Wong Kar-Wai's movie about two love-struck cops is filmed in impressionistic splashes of motion and color. The first half deals with Cop 223, who has broken up with his girlfriend of five ... See full summary »
Kar Wai Wong
Tony Chiu Wai Leung
As the extremely withdrawn Don Johnston is dumped by his latest woman, he receives an anonymous letter from a former lover informing him that he has a son who may be looking for him. A freelance sleuth neighbor moves Don to embark on a cross-country search for his old flames in search of answers.
Alternately tragic and comic, an exploration of the complexities of love in both its brightest and darkest corners. Adapted from John Irving's best-selling novel A Widow for One Year, the film is set in the privileged beach community of East Hampton, New York and chronicles one pivotal summer in the lives of famous children's book author Ted Cole (Jeff Bridges) and his beautiful wife Marion (Kim Basinger). Their once-great marriage has been strained by tragedy. Her resulting despondency and his subsequent infidelities have prevented the couple from confronting a much-needed change in their relationship. Eddie O'Hare, the young man Ted hires to work as his summer assistant, is the couple's unwitting yet willing pawn - and, ultimately, the catalyst in the transformation of their lives. Written by
The title of the paper that Eddie is typing is "A Sound Like Someone Trying Not to Make a Sound." As he is typing it the first occurrence of 'Sound' is upper case. When he finishes typing the title 'sound' is lower case. Later in the movie when he looks at the paper 'Sound' is upper case again. See more »
[discussing Eddie's first story]
Oh, its very heartfelt. Very personal. Well, its just a collection of personal anecdotes that don't really add up to much.
I was just trying to see if could write something that seemed true.
Oh, it seems true. It just isn't very interesting. It sort of an emotional outburst, but it really isn't a story.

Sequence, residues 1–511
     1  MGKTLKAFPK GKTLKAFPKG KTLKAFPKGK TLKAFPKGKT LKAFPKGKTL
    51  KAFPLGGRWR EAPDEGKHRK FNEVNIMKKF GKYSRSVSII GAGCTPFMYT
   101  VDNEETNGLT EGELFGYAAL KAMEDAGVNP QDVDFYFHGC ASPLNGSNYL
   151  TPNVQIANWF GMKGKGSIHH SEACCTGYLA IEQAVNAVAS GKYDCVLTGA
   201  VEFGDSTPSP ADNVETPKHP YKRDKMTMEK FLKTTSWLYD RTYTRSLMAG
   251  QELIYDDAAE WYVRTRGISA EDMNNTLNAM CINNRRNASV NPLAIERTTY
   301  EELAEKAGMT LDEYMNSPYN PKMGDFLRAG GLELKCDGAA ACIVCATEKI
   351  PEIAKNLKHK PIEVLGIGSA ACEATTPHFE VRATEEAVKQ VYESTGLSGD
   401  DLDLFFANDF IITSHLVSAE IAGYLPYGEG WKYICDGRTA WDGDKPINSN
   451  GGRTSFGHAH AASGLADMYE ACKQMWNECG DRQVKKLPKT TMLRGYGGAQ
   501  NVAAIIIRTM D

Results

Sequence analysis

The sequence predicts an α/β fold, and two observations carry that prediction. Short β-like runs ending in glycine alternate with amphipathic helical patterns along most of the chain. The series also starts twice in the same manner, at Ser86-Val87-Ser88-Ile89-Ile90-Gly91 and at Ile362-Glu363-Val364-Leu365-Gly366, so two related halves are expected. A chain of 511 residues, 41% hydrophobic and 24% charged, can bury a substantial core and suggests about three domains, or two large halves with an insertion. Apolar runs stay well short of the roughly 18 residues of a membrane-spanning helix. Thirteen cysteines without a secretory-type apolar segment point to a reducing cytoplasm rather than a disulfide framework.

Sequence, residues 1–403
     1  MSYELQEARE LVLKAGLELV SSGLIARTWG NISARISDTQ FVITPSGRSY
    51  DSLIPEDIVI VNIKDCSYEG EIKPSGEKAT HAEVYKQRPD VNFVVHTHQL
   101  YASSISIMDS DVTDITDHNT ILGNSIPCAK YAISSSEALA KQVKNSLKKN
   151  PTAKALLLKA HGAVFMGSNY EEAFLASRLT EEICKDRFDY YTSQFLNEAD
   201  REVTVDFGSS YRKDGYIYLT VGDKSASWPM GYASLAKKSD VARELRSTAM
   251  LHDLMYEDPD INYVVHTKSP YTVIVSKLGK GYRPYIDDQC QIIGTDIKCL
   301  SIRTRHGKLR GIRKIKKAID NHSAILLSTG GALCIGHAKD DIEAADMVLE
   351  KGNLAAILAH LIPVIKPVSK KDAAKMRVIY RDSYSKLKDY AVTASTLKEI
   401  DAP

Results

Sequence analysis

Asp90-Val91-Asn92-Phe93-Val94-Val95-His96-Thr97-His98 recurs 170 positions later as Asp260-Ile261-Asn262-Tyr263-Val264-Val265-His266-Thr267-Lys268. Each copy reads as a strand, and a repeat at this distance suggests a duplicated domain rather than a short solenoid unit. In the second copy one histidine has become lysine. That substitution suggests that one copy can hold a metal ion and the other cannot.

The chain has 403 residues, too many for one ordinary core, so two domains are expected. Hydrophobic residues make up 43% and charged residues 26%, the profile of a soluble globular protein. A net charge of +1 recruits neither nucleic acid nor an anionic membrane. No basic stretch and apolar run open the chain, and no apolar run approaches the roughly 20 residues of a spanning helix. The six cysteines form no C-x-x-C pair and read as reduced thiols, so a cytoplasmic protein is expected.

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As a huge follower of Jeff Bridges' work, I am here to tell you that if you're a fan too, you must jettison yourself out of your chair forthwith and propel yourself immediately to a theatre where this magnificent film is showing.
The Door In The Floor gives Bridges a chance to create a character truly worthy of his subtle (and generally overlooked) brilliance; his organic, from-the-inside-out approach makes what he does seem so effortless, so thoroughly not-like-acting that he's generally hardly given his due, and if he doesn't garner some serious recognition for what he brings to the table here, there's quite simply no hope for the world.
This is a film of deep, devastating power - a film where you, as an audience member, actually share space with the two main characters, Ted and Marion Cole (Bridges, of course, and an equally-brilliant Kim Bassinger, who once again reminds us why she won an Oscar a few years back). We inhabit their crumbled world, from the inside, not just as observers. By the end, we feel as if we have gone through their tragedy with them, and when I left the theatre, I felt as if my life had been changed by sharing with them what I just shared - as if time itself had stopped and left me suspended in there, with them.
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